TORONTO – There always seems to be this assumption in Hollywood that when the end of the world comes it will be quick. A nuclear holocaust will destroy the environment in hours or a massive space object will send civilization back into the dark ages in an instant. But chances are it will begin and end slower than you might think. And that’s one of the most refreshing aspects of Mahalia Belo’s “The End We Start From,” which debuted at the 2023 Toronto International Film Festival this past weekend.
Adapted by Alice Birch from Megan Hunter’s novel of the same name, the movie demonstrates what could happen to an island like the United Kingdom when a rainstorm simply won’t stop. In fact, it rains so much that the streets of London begin to flood, houses in the lowlands become almost completely submerged and tensions rise among the populace. Just check out the recent news reports of flooding disasters in Greece and Libya and this isn’t that far off. And Belo warns you what is coming.
The film begins from the perspective of a bathtub with a woman in the background (Jodie Comer, superb) shown from the waist down. Having a casual conversation on the telephone, she turns the faucet on and drops a bath bomb into the tub. The water begins to rise until even she isn’t visible anymore. Oh yes, something ominous is about to occur. And mere moments later, when this very pregnant woman realizes she’s about to give labor earlier than expected, Belo flips the camera 180 degrees to let you know her world is turning upside down. And not just hers.
As she gives birth it’s clear things are not going well outside the hospital. Water is starting to seep onto the floors and its more hectic than you’d expect for a maternity ward (although, who knows, maybe at British hospitals the maternity ward is right next to the Emergency Room). Her husband* (Joel Fry, quite good) arrives after the birth to let her know the storm is causing massive flooding everywhere and they should head to his parents as quickly as possible. Bello immediately cuts to a shot of highways crammed full of cars trying to get out of London. Oh, and it’s still raining.
*As in the novel, none of the characters in the film are ever named except for the newborn baby.
Radio reports indicate that jurisdictions are trying to keep out evacuees, afraid they will overrun their homes. This forces the couple to haggle with a police officer to enter the village where his family lives. Not very friendly, is it? This development will make you ponder if such a scenario could happen in your vicinity (don’t kid yourself, it absolutely could). Luckily, the father’s parents (Nina Sosanya and Mark Strong, both splendid) are semi-hoarders and have been preparing for a disaster for years. Their beautiful home is filled with a pantry of canned foods and there is a garden full of vegetables. They should be safe for some time. Plus, it has to stop raining at some point, doesn’t it?
It does not.
As the months pass, the quartet of adults finds themselves low on food. Along with his parents, the new father leaves Comer’s character to drive into the village for supplies. No one returns for over a day and the consequences are tragic. People are panicking and social order is breaking down. You can be killed just fighting to get your box of government disaster relief (imagine what would happen on this side of the pond).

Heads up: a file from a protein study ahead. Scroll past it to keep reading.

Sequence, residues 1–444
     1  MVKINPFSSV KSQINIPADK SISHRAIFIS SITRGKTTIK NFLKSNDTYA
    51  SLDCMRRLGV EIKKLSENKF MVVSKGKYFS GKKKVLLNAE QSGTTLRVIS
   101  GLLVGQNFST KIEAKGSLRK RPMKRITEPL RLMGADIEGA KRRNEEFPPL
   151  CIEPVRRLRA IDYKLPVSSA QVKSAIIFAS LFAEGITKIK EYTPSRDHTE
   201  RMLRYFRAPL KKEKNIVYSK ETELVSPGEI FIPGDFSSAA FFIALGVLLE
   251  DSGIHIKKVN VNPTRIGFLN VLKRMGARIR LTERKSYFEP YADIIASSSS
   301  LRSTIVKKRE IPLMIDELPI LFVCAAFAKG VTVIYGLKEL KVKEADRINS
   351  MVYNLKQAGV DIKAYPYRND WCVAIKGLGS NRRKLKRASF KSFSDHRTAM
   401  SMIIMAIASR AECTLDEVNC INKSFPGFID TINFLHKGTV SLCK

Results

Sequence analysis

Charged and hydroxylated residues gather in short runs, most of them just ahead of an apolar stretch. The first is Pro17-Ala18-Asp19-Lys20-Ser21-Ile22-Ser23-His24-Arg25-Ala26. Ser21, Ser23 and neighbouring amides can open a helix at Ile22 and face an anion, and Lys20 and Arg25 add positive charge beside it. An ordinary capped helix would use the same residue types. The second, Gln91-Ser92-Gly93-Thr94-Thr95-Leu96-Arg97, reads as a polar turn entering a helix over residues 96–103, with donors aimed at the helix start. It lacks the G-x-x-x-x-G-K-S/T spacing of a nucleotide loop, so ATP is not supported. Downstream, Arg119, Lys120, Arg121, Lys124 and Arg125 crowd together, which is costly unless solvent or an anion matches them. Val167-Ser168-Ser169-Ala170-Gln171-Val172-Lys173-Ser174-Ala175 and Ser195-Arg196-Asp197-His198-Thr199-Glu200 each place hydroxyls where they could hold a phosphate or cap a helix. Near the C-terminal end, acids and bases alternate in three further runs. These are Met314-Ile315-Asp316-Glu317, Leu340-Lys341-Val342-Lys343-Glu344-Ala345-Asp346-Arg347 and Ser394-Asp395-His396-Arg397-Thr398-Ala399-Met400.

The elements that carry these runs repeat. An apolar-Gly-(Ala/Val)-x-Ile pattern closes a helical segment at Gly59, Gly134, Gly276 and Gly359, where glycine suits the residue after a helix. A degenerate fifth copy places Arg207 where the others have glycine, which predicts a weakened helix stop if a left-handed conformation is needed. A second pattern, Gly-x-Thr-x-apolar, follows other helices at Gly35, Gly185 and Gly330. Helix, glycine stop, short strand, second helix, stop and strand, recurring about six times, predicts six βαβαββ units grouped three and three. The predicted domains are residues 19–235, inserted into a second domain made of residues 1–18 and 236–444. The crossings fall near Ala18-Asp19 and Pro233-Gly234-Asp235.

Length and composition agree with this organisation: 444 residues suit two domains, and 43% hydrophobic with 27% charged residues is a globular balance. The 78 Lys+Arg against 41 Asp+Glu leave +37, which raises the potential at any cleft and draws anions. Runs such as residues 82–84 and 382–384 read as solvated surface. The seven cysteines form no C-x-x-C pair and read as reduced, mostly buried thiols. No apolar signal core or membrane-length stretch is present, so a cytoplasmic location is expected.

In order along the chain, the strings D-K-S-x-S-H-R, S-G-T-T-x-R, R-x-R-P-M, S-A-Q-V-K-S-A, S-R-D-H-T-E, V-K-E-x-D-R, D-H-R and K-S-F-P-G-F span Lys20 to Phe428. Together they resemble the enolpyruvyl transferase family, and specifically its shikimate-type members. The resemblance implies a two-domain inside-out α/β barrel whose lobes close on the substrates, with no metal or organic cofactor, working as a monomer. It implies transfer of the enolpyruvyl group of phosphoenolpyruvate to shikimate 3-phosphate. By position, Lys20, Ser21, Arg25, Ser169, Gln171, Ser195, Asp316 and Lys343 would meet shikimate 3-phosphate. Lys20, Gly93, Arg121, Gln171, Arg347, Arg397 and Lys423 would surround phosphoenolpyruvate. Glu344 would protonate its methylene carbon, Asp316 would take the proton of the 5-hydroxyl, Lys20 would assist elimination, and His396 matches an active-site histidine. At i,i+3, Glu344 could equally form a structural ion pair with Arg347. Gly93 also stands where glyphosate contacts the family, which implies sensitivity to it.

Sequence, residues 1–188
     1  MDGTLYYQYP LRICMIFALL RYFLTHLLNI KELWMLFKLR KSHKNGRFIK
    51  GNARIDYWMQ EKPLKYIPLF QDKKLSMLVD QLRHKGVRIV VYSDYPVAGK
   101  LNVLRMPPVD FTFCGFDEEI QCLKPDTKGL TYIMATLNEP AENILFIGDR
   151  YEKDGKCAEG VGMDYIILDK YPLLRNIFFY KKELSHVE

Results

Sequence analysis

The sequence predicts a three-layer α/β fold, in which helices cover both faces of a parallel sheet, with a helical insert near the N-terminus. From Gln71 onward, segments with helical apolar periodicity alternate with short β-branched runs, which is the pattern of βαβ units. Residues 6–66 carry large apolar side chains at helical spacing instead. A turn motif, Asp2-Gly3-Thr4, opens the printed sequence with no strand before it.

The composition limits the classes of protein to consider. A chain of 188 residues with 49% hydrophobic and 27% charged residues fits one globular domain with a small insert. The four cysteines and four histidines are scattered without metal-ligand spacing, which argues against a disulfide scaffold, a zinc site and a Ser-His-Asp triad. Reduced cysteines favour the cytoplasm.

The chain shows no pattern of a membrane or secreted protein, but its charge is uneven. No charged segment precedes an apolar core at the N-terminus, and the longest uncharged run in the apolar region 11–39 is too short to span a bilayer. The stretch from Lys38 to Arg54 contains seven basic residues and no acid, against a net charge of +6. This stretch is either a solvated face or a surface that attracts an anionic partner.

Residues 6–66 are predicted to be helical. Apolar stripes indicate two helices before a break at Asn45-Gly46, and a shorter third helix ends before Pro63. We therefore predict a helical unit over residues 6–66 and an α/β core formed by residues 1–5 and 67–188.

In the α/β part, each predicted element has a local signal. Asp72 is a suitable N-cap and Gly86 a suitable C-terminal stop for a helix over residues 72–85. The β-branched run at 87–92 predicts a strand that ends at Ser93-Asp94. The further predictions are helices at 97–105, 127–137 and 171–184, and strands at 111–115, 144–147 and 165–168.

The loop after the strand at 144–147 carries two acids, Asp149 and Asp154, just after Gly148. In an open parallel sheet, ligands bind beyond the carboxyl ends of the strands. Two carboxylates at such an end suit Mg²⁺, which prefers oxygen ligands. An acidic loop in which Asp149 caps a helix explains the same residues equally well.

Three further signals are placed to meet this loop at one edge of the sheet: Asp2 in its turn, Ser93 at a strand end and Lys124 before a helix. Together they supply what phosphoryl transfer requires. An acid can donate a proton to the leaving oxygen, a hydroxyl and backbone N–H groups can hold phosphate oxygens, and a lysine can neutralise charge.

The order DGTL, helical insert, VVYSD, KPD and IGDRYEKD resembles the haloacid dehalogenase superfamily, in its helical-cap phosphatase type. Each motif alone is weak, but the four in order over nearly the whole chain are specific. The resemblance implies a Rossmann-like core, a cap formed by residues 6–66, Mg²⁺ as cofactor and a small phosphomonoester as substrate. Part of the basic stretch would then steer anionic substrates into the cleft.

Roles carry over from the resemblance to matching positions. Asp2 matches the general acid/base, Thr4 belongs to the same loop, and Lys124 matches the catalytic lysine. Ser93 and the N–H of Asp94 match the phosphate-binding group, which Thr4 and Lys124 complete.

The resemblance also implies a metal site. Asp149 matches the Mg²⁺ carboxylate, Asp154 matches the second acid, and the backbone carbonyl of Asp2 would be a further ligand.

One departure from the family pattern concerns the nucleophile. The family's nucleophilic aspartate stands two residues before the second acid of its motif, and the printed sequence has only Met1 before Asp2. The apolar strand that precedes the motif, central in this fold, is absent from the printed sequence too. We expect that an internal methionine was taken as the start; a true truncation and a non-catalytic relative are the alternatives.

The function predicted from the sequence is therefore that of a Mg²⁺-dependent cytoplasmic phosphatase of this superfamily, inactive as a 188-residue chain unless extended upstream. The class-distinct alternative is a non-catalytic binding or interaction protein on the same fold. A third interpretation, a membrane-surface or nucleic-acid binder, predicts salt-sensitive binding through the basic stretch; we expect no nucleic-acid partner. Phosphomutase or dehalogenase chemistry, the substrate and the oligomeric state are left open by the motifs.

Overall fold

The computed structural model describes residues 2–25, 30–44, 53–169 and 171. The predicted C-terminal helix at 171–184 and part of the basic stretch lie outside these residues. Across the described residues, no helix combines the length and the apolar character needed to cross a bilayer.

Eventually, Comer’s character is forced to leave her husband and enter a government-run shelter to protect both her and the couple’s child. She soon befriends a single mom from the United States (Katherine Waterston, truly fantastic) who has her own baby to protect. The two women bond almost immediately and protect each other from the dangers in the camp. When a militia of armed criminals overruns the shelter for supplies, the pair and their babies are forced to flee for their safety.
As the women’s trek continues, Belo and director of photography Suzie Lavelle collaborate to compose landscapes both stark and beautiful to reinforce the mother’s solitude. It’s been more than six months (maybe a year?) since the rains and flooding began and at this point, the countryside often appears abandoned and post-apocalyptic. But despite having to sleep in the woods or abandoned homes, the pair struggle on trying to keep their spirits high.
When a decent man (Benedict Cumberbatch, solid) tells them about the island commune he’s decided to leave, the women have a choice in front of them. Start a new life in relative safety, or return to the uncertain world of “before.” For Comer’s character, it’s a painful decision.
Although the end is genuinely uncertain, the film’s momentum strangely begins to falter. And what tension there was disappointingly dissipates. It’s a bit surprising considering the captivating events beforehand.
You may also have questions that Bello and Birch have no intention of answering (Where are Britain’s North American allies? Are there massive rains and environmental disasters there too? Is Europe also underwater?) But maybe that doesn’t matter. The depiction is still too close to comfort, especially considering the COVID-19 pandemic, just three years ago. That allegory shouldn’t scare you off, however. This may feel like familiar territory to another U.K.-set disaster film, “Children of Men,” or the recent mini-series “Station Eleven,” but Bellow has crafted something singular here. And you won’t forget it. [B]